Introducing the ‘slow art’ movement; it’s like the ‘slow food’ movement, with art (and food)

For a few moments, the event acquired a six-men-of-Indostan quality.

The abstract painting by Reed Danziger, exploding with colors and shapes, brought to mind a collage, said a painter and teacher of Hebrew from Israel. An artist from Brooklyn demurred. There was so much going on—it gave her the sense of standing in front of a manifesto, she insisted. Surely it resembled a film strip, argued a painter from Long Island City.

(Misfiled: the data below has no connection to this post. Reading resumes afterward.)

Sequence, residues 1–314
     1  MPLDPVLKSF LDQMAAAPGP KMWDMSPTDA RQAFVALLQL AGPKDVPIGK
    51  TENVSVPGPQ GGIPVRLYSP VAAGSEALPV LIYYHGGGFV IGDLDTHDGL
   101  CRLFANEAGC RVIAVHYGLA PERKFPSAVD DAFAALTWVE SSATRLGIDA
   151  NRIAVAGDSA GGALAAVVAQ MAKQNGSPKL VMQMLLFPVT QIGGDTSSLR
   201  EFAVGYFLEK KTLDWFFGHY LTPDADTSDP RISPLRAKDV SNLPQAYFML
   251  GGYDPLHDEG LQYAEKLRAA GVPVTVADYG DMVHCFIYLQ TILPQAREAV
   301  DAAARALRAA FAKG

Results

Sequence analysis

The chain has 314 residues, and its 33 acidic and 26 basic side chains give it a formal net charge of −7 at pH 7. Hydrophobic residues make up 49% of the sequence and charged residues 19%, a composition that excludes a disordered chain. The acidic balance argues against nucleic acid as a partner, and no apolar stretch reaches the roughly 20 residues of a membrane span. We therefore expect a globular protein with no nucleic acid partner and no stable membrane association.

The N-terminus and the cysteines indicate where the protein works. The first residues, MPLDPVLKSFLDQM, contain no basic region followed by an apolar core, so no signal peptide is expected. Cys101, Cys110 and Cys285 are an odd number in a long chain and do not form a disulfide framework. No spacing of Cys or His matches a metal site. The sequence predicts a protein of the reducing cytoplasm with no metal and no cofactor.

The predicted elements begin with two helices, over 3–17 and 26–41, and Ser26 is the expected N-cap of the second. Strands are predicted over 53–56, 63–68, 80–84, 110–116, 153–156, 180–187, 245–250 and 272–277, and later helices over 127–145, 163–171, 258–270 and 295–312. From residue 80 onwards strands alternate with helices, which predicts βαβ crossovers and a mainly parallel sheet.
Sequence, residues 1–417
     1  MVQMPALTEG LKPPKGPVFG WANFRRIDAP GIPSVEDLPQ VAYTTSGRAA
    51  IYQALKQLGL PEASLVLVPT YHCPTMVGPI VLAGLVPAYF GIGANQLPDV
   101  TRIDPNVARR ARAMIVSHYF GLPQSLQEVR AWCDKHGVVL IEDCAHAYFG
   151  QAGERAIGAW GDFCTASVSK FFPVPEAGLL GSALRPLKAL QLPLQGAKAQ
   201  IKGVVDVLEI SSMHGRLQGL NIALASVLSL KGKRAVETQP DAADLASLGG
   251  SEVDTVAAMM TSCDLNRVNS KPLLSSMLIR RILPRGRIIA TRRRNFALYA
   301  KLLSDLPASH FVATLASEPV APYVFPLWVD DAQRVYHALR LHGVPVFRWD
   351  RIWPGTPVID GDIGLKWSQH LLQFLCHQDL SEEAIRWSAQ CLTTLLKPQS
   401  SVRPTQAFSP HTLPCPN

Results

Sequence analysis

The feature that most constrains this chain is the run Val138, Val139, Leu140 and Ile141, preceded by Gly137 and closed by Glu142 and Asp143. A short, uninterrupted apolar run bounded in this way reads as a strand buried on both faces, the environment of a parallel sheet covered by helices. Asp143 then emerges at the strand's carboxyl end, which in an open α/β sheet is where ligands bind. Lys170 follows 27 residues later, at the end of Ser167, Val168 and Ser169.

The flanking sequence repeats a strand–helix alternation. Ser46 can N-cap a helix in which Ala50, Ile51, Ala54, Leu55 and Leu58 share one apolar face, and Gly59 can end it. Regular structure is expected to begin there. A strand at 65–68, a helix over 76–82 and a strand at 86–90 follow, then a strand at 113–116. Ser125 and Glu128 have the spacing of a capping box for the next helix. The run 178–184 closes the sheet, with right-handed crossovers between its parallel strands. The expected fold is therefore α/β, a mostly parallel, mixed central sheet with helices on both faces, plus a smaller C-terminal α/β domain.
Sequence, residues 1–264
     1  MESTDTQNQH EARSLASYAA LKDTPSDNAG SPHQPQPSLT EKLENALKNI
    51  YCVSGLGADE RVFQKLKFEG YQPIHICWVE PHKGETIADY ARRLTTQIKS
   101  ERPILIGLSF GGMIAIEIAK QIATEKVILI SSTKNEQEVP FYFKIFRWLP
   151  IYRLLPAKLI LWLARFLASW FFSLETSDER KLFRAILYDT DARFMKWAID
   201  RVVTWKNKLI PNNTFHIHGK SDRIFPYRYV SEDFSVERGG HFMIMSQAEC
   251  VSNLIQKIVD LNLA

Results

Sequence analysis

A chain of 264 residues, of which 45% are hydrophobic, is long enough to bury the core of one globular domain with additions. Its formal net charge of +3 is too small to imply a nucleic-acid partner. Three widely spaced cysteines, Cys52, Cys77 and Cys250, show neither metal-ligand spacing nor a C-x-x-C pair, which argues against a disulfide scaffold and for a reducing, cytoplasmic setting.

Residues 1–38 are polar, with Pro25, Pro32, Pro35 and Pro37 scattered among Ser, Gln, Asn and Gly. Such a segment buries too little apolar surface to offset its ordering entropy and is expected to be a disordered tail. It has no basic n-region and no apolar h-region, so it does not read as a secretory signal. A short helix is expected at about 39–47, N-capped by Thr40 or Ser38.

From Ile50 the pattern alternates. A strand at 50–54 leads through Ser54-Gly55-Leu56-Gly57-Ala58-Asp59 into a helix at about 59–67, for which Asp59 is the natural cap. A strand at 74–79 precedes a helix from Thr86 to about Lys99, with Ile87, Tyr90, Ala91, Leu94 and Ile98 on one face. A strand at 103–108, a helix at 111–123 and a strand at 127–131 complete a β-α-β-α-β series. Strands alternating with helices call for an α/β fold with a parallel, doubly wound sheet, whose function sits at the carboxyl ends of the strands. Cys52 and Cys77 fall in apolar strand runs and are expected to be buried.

The artists were gathered at McKenzie Fine Art gallery in Chelsea on Saturday for Slow Art Day, an annual event during which art lovers visit local museums and galleries to look—slowly, deliberately, and thoughtfully—at pre-selected works, and then repair to lunch to discuss the experience.

 

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